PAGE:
SPRINGDALE, Ark. (KFTA) — Springdale’s Recreation Center is still going through extensive repairs more than half a year after its initial purchase. The city’s mayor said the building will be a “bargain” once its completely finished.
“The building’s not perfect,” Mayor Doug Sprouse said. “It’s not up to the standard that we would want for a municipal building, for a public building, but we’re getting there.”
The city purchased the former All-Star Sports Arena in December 2018 for $4.1 million. With much more work needed to be done even after extensive repairs, more than $1 million in additional money is needed to get it into tip-top shape. Sprouse said taxpayers won’t pay any extra money for additional repairs.
Sprouse said new slab, a a costly HVAC system, LED lighting and painting are all needed for the upgrades. He said the HVAC will require up to $1 million alone.
“We’ll do this as we can do it within our existing budgets or our CIP—our capital improvement program,” Sprouse said.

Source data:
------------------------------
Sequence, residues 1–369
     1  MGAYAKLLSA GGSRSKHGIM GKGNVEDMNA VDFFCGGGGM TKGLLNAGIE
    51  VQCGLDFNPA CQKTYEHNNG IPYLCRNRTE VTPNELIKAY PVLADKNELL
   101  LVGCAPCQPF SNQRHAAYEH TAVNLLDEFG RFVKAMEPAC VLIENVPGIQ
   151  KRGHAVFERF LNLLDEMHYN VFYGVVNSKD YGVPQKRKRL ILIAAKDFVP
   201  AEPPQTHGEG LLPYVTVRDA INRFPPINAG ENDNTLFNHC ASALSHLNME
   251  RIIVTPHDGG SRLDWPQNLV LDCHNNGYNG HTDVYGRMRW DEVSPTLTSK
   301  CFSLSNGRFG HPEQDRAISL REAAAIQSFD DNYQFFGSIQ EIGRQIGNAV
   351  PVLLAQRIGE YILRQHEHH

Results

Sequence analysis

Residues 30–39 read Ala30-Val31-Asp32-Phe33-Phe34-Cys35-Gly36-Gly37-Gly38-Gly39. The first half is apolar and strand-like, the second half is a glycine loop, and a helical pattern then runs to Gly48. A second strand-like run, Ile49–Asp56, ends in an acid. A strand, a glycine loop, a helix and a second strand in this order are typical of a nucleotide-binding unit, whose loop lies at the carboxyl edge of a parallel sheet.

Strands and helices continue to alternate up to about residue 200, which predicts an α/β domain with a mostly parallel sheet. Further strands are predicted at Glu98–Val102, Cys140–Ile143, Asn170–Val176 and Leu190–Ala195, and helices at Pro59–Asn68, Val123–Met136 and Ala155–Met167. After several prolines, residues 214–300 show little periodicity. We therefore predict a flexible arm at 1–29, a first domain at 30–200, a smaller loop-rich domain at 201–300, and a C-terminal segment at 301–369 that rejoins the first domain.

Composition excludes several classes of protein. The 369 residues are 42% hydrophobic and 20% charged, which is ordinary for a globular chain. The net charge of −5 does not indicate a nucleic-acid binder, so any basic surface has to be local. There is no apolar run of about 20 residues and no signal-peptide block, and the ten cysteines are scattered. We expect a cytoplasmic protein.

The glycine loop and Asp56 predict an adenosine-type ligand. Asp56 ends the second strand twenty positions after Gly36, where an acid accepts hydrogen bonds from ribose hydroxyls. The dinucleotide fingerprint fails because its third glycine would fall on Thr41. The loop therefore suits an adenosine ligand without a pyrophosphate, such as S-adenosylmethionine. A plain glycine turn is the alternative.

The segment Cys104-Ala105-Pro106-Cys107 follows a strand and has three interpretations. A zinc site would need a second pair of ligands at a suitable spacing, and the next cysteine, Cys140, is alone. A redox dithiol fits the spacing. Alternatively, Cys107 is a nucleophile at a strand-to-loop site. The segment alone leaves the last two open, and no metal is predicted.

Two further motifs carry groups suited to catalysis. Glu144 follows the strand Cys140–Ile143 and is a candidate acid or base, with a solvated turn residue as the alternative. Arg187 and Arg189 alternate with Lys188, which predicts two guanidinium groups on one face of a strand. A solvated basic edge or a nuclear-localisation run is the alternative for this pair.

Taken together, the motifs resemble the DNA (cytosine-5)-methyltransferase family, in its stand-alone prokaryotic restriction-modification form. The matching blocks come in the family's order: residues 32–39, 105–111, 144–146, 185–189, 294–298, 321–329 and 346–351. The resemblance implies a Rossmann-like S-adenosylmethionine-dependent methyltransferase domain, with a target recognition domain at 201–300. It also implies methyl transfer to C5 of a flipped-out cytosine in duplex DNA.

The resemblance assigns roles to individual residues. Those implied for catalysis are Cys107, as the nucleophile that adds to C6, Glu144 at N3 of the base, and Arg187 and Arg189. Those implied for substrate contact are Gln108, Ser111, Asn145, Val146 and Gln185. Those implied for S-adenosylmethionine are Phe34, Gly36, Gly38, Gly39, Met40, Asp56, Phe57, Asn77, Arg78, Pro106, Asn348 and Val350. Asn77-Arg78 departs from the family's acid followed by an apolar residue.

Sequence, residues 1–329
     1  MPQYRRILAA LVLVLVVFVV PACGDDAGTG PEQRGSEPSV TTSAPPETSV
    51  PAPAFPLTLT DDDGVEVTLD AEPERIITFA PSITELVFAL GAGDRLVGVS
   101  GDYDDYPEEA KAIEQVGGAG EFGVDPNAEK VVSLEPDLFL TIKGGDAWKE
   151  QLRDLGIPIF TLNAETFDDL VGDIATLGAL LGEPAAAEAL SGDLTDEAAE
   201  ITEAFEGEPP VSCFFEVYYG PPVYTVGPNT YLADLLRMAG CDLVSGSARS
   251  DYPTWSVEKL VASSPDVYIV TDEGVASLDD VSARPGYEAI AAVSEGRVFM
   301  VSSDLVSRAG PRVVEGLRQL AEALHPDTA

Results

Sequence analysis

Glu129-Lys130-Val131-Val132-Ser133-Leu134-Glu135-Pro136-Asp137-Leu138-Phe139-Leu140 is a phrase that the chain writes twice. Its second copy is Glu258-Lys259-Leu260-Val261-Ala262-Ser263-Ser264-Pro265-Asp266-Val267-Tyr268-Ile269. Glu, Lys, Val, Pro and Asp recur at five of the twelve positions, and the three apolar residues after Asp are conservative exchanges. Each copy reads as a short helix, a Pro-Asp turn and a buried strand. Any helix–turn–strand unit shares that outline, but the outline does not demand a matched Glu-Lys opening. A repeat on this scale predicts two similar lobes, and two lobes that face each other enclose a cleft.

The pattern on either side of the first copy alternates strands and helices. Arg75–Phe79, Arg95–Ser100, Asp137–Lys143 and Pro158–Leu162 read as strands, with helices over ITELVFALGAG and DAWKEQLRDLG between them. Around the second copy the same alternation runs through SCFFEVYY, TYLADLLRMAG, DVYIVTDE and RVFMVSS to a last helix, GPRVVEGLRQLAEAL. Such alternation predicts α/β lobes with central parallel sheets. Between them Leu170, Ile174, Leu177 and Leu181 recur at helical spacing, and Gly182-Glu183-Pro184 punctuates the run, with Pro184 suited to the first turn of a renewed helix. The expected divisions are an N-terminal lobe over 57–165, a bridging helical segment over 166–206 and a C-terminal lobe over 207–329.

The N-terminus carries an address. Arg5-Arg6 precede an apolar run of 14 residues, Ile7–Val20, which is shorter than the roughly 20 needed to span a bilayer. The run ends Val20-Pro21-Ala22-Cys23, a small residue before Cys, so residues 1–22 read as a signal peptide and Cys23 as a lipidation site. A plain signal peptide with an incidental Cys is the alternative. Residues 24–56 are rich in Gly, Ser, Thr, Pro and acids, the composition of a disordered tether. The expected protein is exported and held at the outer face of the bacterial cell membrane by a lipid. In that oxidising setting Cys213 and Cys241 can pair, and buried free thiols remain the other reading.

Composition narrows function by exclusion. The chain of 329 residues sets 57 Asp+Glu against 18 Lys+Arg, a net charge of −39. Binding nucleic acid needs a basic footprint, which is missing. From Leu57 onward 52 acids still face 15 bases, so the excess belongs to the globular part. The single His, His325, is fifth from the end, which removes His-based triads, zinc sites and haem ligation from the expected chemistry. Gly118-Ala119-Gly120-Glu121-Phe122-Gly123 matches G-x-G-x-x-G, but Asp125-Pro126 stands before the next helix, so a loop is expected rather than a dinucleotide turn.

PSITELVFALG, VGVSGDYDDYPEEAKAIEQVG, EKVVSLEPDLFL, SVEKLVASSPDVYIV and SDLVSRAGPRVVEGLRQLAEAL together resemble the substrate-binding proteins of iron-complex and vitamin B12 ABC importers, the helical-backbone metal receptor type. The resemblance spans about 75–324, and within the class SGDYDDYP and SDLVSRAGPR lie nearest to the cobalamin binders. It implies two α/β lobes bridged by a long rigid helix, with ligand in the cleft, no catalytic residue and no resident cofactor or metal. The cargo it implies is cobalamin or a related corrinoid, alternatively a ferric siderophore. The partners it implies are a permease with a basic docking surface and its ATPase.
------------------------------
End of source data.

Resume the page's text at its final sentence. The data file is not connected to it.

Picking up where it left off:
The building is significantly larger than the previous recreation center, which had only two basketball courts. The new facility has six, and the space is much larger. An expanded area was needed to match Springdale’s growth, Sprouse said.
When the building was privately owned, competitive sports practices and tournaments were hosted inside. Some community members said they’re disappointed they have to look elsewhere for that.
“There is a huge void in NWA for sports facilities,” said Liz Wilhelm, who spent time with a team that competed in the building, in a Facebook message. “I am thankful that the space is being used and is not sitting empty. I would encourage the city of Springdale to increase revenue by working with athletic/sports community to provide practice and tournament space.”
Sprouse said the new purpose of the building is to serve city residents and not travel teams.
“Our main priority is going to be the rec leagues for the residents of Springdale,” Sprouse said. “We’ll always be open to hosting tournaments and those kinds of things, but they won’t be our priority.”
Robert Ziegler, 91, said he works out at the rec center five times a week. He said he’s happy to see a bigger space even though it’s still a year or two away from completion.
“I like to keep in shape,” Ziegler said. “This helps me. When I use these machines, I feel like I’ve done something.”